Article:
The optoelectronic inhalation sensor 26 is connected to a normally open solenoid valve 28 by means of appropriate tubing using the inlet connection 17 of the inhalation sensor 26. The solenoid valve 28 is electrically actuated by a low voltage and a low current, that can be supplied by an electronic circuit that can be designed in known manner to be intrinsically safe (a circuit that is incapable of having a spark or thermal effect that would be capable of causing ignition of flammable or combustible material in the gas being used for inhalation therapy). A connection 29 on the solenoid valve 28 is connected to the supply of gas being used for therapy. In hospitals, a flow meter and pressure regulator are usually available at the patient's bedside and supply a constant flow of gas (such as 0 to 10 liters of oxygen per minute). Present day practice is for hospitals to have oxygen piped permanently into each room used for patient's care. For home use where oxygen is delivered in tanks, the apparatus supplied with such tanks includes some type of flow meter and a pressure regulator. The cannula 10 is adjusted to fit the patient so that the two prongs 50 are inserted into the patient's nostrils. The inhalation flow of air from the patient's nostrils produces a very low pressure or vacuum at the end connected to the inhalation sensor 26.

The vacuum pressure produced by the patient inhaling is no more than a few thousandths of an ounce per square inch. At the time the patient is exhaling, the electric solenoid valve 28 is electrically activated and shuts off the flow of gas from the therapeutic gas being used. When the patient inhales, the thin film diaphragm 20 is sucked up and flexes into the upper central cavity 16, moving the infrared-opaque vane 25 upward to cause an electrical signal to an "On" state. With appropriate electrical circuits as described herein, a signal is sent for a pre-determined time to cause a flow of therapeutic gas by electrically deactuating the normally open valve 28. In actual practice, it has been found that the flow of air being sucked in by the patient is at a maximum for only a very short period of time, and this peak flow of air vacuum from the patient's nostrils is used to trigger the flow of the therapeutic gas for a pre-set time.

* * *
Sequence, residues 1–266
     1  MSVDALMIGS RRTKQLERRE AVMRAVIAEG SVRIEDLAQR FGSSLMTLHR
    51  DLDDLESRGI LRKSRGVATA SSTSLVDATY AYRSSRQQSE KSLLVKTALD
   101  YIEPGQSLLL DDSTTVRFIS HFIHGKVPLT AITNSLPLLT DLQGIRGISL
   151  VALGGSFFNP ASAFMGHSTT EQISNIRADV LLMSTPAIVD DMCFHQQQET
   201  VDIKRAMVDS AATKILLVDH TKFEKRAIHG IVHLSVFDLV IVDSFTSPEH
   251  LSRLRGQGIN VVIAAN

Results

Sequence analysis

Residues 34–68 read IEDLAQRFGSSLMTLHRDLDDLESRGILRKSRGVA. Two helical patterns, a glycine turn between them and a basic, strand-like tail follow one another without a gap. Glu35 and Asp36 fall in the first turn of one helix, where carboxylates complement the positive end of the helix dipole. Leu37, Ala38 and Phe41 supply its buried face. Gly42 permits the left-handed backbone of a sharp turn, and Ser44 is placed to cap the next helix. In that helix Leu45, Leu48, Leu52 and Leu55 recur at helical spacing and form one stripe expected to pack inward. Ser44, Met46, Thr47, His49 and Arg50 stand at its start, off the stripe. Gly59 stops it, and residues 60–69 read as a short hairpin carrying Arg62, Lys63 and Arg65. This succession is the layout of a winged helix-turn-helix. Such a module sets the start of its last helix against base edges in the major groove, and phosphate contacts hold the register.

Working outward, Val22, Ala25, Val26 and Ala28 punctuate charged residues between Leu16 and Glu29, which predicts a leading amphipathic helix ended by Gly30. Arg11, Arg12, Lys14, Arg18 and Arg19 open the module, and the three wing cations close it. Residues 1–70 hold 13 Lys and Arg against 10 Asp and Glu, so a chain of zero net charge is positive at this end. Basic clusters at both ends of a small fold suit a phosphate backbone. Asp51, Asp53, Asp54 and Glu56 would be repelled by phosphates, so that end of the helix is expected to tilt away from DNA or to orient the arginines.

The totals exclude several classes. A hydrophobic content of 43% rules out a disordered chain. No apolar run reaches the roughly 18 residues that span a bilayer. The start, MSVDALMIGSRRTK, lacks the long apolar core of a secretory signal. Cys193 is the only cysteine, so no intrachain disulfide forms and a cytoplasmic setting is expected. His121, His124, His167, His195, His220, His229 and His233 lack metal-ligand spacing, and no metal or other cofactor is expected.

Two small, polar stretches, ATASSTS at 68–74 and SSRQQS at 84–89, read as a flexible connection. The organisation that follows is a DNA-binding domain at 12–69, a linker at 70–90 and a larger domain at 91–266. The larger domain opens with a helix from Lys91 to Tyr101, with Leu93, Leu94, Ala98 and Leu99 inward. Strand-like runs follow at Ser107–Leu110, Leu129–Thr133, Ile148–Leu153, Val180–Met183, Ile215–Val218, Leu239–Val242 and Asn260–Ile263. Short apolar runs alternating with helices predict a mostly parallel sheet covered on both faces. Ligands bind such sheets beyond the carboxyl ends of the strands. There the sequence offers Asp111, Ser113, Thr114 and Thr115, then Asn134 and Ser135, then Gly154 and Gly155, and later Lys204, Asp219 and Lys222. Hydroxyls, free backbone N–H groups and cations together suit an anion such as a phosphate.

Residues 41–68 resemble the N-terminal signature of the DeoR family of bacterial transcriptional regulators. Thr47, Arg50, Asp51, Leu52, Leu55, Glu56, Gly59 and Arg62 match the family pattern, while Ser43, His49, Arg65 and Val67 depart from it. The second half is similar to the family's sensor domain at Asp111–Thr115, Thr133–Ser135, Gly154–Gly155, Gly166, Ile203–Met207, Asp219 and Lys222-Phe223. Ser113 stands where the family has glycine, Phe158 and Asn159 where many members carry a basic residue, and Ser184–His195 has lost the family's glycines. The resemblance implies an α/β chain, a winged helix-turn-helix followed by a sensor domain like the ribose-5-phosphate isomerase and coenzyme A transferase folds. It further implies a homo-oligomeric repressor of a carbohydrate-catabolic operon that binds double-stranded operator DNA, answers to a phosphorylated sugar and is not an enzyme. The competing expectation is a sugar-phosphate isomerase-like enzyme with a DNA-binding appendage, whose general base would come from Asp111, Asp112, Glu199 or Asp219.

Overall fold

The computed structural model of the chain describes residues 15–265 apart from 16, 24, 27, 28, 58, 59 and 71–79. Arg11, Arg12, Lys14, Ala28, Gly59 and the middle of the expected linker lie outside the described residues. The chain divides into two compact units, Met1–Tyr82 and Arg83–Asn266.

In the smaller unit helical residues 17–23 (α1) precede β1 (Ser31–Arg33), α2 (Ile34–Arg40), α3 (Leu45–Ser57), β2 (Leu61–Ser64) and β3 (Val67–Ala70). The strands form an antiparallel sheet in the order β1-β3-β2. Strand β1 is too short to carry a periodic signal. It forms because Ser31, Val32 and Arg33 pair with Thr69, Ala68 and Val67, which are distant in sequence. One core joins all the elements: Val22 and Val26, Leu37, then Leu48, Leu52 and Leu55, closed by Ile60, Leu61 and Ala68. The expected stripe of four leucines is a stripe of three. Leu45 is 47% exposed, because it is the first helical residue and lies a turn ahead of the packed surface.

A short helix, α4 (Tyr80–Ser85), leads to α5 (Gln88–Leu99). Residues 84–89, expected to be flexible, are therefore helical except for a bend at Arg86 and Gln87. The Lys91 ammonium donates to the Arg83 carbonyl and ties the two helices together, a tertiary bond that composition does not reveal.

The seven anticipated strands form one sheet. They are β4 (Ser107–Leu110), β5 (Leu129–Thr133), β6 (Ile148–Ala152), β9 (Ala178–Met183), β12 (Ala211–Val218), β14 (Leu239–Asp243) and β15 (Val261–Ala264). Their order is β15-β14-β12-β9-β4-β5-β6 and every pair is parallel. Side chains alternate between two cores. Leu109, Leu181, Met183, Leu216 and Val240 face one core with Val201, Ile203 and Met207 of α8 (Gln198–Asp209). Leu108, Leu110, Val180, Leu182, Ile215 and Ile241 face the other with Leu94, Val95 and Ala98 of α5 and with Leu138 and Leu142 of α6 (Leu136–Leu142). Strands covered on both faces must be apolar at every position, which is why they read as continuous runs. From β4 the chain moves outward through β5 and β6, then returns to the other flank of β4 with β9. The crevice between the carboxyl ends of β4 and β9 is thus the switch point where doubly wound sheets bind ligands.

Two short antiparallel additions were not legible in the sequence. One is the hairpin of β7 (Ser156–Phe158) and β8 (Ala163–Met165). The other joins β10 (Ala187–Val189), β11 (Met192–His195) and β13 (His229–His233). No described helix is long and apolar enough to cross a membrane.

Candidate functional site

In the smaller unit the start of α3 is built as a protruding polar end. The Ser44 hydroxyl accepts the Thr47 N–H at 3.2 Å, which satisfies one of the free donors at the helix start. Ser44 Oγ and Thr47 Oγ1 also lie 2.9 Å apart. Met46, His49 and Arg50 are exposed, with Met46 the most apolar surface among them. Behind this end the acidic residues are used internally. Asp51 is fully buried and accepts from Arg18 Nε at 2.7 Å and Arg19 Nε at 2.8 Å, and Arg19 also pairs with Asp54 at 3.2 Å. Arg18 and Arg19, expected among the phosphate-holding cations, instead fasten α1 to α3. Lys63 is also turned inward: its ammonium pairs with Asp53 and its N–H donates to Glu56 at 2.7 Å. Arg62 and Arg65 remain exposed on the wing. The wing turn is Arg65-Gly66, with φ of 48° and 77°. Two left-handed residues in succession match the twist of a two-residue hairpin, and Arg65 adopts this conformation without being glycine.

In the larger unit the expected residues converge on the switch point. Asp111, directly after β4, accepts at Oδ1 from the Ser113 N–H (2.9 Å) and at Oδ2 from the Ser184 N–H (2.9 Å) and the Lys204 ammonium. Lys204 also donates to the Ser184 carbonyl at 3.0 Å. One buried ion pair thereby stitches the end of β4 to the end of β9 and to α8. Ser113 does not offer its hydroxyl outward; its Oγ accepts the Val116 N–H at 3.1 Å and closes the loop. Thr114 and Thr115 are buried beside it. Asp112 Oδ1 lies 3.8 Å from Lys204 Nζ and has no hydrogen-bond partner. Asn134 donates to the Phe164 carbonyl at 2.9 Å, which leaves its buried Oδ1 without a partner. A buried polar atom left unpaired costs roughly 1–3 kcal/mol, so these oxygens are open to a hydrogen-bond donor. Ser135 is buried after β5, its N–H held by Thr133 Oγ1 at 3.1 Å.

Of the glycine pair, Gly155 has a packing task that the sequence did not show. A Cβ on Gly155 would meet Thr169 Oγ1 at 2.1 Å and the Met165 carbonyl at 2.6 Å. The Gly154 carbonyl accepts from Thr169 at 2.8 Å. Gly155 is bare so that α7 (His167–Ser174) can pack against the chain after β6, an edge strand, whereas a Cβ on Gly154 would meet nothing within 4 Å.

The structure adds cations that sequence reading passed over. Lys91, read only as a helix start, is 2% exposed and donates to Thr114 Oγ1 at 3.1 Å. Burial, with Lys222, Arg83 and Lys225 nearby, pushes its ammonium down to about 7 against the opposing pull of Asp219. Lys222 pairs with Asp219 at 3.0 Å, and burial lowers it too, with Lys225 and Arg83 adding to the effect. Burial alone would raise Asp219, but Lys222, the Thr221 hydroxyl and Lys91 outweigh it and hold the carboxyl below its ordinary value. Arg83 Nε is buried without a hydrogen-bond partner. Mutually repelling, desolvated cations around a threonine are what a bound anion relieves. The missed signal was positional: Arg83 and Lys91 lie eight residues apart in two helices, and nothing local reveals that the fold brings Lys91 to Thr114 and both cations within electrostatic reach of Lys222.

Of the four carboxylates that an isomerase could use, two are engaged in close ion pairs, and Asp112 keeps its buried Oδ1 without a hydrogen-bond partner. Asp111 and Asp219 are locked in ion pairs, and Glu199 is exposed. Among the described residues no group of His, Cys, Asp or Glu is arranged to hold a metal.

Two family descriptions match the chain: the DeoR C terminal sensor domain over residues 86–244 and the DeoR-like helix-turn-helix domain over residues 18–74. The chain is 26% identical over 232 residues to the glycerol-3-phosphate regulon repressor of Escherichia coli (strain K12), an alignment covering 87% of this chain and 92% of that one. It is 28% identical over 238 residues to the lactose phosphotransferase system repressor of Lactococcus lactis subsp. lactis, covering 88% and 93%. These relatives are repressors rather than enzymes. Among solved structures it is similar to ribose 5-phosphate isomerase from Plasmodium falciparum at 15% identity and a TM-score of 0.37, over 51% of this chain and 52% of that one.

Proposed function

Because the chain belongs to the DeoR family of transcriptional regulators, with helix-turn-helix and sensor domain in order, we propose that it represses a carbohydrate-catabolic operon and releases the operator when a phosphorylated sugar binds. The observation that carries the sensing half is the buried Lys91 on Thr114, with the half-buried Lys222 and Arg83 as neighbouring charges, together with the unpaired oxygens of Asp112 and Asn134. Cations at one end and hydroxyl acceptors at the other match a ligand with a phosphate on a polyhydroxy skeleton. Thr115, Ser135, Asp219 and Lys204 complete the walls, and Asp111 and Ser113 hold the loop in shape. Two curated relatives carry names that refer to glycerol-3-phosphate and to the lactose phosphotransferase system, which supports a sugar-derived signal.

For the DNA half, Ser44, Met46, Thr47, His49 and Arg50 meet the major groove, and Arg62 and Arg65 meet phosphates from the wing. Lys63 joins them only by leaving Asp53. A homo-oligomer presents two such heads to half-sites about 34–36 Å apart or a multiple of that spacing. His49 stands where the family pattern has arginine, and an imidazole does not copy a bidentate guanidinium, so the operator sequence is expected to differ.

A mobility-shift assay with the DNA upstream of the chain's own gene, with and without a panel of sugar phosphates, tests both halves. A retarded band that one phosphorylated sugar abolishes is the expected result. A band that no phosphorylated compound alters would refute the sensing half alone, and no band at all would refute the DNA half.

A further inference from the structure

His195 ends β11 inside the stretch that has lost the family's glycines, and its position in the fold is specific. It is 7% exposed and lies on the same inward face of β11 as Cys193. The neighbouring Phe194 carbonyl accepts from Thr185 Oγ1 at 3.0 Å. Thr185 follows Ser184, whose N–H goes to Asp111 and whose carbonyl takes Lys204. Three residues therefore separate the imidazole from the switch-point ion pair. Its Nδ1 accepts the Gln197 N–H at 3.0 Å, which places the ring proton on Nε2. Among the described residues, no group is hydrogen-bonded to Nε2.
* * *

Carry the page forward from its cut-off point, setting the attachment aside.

The length of the pre-set time can be adjusted for the correct flow of therapeutic gas for the normal adult rate of fourteen to twenty breaths per minute, or for twenty to forty breaths for babies and toddlers. The respiration rate rises as much as four breaths per minute for every degree of patient's temperature over normal.

The pre-determined time therefore, provides for an intermittent flow of therapeutic gas to the patient. The patient normally inhales approximately for 30% of the time for each breath, with 70% of the breath for exhaling. By setting the pre-set timer to 30% of the breath time, a savings of 70% of the therapeutic gas can be achieved over the normal hospital system of having a constant flow. It is also possible to apply the therapeutic gas at a very early stage of inspiration with a large volume of gas which will reach the alveoli and not waste additional gas that remains in the "dead spaces" such as the pharynx, trachea, and bronchial tubes.